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The Droeshout portrait is a famous engraving of William Shakespeare that appears on the title page of the First Folio, the first collected edition of Shakespeare's plays. It was created by Martin Droeshout, an English artist and engraver of the early 17th century and it might be the image you first think of when you imagine Shakespeare.
The portrait shows Shakespeare in middle age, with a serious expression on his face. He is shown wearing a ruff collar, which was a common item of clothing in Elizabethan England.
Despite its fame, the Droeshout portrait has long been a subject of controversy and debate among Shakespeare scholars. Many have questioned the accuracy and authenticity of the portrait, suggesting it doesn’t accurately depict Shakespeare's appearance. Some have even suggested that the portrait was not created by the commonly accepted Droeshout at all, but rather by his uncle, also called Martin, who was known to be an engraver too. However, the portrait was endorsed as a good likeness by Ben Jonson, a friend of Shakespeare’s and a notable playwright and poet in his own right. Jonson does note in his writings, though, that the portrait couldn’t quite capture Shakespeare’s “wit”.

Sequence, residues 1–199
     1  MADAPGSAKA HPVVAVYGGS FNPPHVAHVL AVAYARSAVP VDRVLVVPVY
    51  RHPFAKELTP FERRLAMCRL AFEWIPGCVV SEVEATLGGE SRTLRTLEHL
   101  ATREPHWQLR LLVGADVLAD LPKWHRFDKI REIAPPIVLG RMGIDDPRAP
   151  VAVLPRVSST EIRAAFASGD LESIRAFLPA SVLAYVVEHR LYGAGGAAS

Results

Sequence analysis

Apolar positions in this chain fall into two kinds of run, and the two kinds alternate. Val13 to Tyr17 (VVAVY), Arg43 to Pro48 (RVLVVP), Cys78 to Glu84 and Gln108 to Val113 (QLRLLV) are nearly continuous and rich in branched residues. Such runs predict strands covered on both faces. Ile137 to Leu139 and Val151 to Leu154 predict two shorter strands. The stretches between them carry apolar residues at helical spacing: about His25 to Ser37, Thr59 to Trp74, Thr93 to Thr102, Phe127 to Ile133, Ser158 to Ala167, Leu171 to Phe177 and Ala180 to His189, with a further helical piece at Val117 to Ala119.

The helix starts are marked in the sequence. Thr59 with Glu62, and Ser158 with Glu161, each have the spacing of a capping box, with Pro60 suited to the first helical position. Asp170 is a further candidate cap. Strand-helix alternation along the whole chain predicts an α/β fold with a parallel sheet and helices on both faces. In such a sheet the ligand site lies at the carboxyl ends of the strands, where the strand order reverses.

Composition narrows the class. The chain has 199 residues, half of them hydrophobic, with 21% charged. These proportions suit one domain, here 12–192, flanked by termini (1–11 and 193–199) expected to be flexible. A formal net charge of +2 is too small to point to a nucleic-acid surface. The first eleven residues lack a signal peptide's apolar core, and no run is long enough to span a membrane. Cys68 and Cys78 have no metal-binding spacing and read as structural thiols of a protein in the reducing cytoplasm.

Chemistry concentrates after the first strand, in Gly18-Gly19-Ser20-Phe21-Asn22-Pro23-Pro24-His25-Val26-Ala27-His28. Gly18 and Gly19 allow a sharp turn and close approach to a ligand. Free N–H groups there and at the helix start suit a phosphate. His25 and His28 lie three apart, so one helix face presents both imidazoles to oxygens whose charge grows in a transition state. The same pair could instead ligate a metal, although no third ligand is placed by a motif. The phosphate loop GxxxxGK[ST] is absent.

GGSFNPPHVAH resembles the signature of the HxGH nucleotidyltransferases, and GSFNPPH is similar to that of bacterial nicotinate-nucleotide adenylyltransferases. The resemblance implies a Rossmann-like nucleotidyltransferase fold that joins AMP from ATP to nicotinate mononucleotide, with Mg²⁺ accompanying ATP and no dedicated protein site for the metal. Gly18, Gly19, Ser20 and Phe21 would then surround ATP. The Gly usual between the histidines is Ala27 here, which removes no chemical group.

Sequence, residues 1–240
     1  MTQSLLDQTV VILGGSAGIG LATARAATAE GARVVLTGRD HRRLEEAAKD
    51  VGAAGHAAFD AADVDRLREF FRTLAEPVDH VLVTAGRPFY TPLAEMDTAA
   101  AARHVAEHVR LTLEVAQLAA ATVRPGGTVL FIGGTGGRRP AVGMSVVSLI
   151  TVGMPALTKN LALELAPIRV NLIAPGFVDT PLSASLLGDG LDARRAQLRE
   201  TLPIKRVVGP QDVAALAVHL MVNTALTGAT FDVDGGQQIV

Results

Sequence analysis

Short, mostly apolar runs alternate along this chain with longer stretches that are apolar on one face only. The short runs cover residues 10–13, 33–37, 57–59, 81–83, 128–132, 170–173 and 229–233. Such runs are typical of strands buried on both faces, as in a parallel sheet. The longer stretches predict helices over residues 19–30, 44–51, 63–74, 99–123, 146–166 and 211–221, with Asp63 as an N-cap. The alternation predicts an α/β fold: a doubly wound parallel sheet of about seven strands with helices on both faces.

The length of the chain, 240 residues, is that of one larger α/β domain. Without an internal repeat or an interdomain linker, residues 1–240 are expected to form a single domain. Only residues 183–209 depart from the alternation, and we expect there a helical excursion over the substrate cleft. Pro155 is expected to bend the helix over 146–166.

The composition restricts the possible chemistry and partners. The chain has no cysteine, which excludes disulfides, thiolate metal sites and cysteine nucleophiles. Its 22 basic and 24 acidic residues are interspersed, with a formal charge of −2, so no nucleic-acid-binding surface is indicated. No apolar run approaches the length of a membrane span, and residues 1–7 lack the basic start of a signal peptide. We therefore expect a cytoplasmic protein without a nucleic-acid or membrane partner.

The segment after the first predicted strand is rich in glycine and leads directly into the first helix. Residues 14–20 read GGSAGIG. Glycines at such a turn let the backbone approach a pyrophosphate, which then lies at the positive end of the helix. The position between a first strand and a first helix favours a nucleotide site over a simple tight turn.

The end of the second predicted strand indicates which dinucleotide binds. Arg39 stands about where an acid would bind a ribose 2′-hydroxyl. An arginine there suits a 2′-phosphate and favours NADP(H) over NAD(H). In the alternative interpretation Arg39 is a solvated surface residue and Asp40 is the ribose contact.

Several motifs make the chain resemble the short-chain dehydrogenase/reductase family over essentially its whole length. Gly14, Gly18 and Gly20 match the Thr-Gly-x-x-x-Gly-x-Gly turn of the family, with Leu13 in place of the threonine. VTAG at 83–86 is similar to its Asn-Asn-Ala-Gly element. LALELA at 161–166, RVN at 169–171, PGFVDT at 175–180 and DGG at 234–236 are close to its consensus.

Despite these debates and the reservations that some still hold, the Droeshout portrait remains an important and influential image of Shakespeare. It’s been widely reproduced and is recognised internationally as a symbol of the playwright and his enduring legacy. Whether or not it accurately depicts Shakespeare's appearance, it serves as a powerful reminder of the enduring impact of his work and the enduring fascination with his life and career.
Now you can discover Shakespeare for yourself, with a Coram Shakespeare Schools Foundation workshop. Read more here.